Economy Blah To Depressing
GRAND RAPIDS — Michigan has suffered greater employment losses than any other Great Lakes state, with the loss of more than 300,000 jobs between 2000 and 2005. Some 50,000 jobs disappeared just in the first 10 months of this year.
Although the state’s unemployment rate declined slightly in 2005 to its current 6.6 percent, it’s still relatively high compared with the national average of 5 percent.
“We’ve never been here before. We never had six straight years like that before,” George Erickcek, senior regional analyst with the W. E. Upjohn Institute of Employment Research, told attendees of the 2006-2007 Economic Outlook for
The state’s population is still growing, but the growth “is timid at best and weak at worst” — at a rate of about 0.4 percent annually. In addition,
One of the trends Erickcek finds troubling is that nonfarm employment conditions in
The first “suspect” in the decline is the manufacturing sector, but in actuality the downward trend in manufacturing employment has been accompanied by a similar downward trend in the nation as a whole, he said, so manufacturing doesn’t appear to be the culprit.
Employment in selected service sectors such as occupational services, financial services, and business and professional services have helped drive the national economic recovery — but
“Maybe there are firms out there — and there are firms out there — that will actually bring new dollars into the state; new dollars that can help support state activities and new dollars that could replace the dollars we’ve been losing from manufacturing as it continues its downward trend. We might have to look long and hard for that driver to help pull the state out of its doldrums.”
Other cities in the nation have seen positive employment growth in the service-providing sector over the past three years, but the two biggest cities in
“It’s clear that something’s amiss when we see everyone picking up the service-providing opportunities except for those two areas of the state,” Erickcek said.
What’s the problem? Erickcek pointed to a 2004 demographic sketch of the region’s work force as the answer.
“We know that we’re moving to a knowledge-based economy; we know that indicates that a knowledge base is really, really important,” he said.
A strong indicator of a work force’s knowledge base is the percentage of the region’s population that has a bachelor’s degree.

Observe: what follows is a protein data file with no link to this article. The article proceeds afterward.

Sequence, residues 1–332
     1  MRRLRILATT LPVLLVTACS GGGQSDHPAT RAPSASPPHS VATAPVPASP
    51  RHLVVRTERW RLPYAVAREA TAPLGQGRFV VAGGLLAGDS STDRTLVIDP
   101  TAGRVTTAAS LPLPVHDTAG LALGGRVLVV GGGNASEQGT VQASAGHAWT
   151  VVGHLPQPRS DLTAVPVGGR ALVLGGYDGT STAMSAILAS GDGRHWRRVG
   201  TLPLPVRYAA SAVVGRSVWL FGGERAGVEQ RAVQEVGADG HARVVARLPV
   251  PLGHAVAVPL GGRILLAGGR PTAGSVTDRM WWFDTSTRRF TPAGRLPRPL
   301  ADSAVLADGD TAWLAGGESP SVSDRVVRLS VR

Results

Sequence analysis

Furthermore, 65 percent of bachelor’s degree holders in the
“What that says to me is that we haven’t been very successful in attracting new people to the area,” Erickcek said. “Clearly, we’re not doing a good job selling ourselves to the outside area.”
Among 16- to 19-year-olds, 8.8 percent are “just hanging out,” meaning they’re neither working nor in school. The average among other regions is 7.9 percent of that age group. Erickcek said that group makes him a little nervous about the future knowledge base of the region.
As far as the economic outlook for
The region’s unemployment rate is still higher than it was in 2000, but the trend is downward, Erickcek said. He said that if
Although manufacturing represents a smaller portion of the region’s economy, its importance here is double that of the nation. In 2001, 25 percent of people in
“It’s our concentration in manufacturing that has caused that gap to increase. As that concentration goes down, our economy is going to fall further and further behind because of our mix of industries, Erickcek said.”
He predicts that in 2006 and 2007 manufacturing in the region will be up slightly, private service producing will be up, and that construction will be down.
The outlook for the Grand Rapids-Wyoming metropolitan statistical area looks very similar. Manufacturing employment in the area has followed a pattern of decline similar to the nation’s, particularly in the automotive and furniture sectors, Erickcek said. Real incomes are not growing, though up slightly from 2003. However, the unemployment rate is now going down, he noted.